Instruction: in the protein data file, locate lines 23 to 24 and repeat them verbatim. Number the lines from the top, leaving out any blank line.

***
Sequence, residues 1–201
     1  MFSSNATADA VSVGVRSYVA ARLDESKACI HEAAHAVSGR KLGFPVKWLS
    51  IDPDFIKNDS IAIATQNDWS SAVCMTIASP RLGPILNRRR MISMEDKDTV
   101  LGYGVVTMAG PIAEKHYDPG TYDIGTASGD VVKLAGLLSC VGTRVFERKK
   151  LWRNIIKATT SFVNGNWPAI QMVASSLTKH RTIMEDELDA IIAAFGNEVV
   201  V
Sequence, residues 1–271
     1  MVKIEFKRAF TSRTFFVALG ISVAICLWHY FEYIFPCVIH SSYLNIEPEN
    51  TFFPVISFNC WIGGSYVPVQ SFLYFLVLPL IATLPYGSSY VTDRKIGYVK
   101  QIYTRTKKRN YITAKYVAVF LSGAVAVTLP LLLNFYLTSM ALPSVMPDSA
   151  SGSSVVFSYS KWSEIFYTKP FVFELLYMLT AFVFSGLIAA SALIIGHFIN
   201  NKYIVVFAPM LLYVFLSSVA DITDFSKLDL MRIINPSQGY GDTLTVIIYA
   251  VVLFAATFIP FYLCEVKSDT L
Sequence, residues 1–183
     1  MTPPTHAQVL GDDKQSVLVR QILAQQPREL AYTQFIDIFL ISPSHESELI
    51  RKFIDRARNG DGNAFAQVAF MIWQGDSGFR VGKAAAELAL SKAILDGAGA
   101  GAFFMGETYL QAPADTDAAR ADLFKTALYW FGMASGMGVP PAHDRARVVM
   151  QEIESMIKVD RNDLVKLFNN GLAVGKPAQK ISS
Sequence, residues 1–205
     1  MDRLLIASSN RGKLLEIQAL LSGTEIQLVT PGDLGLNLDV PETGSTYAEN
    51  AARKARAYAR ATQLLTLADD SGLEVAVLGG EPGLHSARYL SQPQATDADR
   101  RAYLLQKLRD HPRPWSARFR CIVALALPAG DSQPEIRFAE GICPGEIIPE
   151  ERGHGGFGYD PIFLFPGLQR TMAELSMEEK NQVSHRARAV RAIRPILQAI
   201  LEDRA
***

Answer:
   151  ERGHGGFGYD PIFLFPGLQR TMAELSMEEK NQVSHRARAV RAIRPILQAI
   201  LEDRA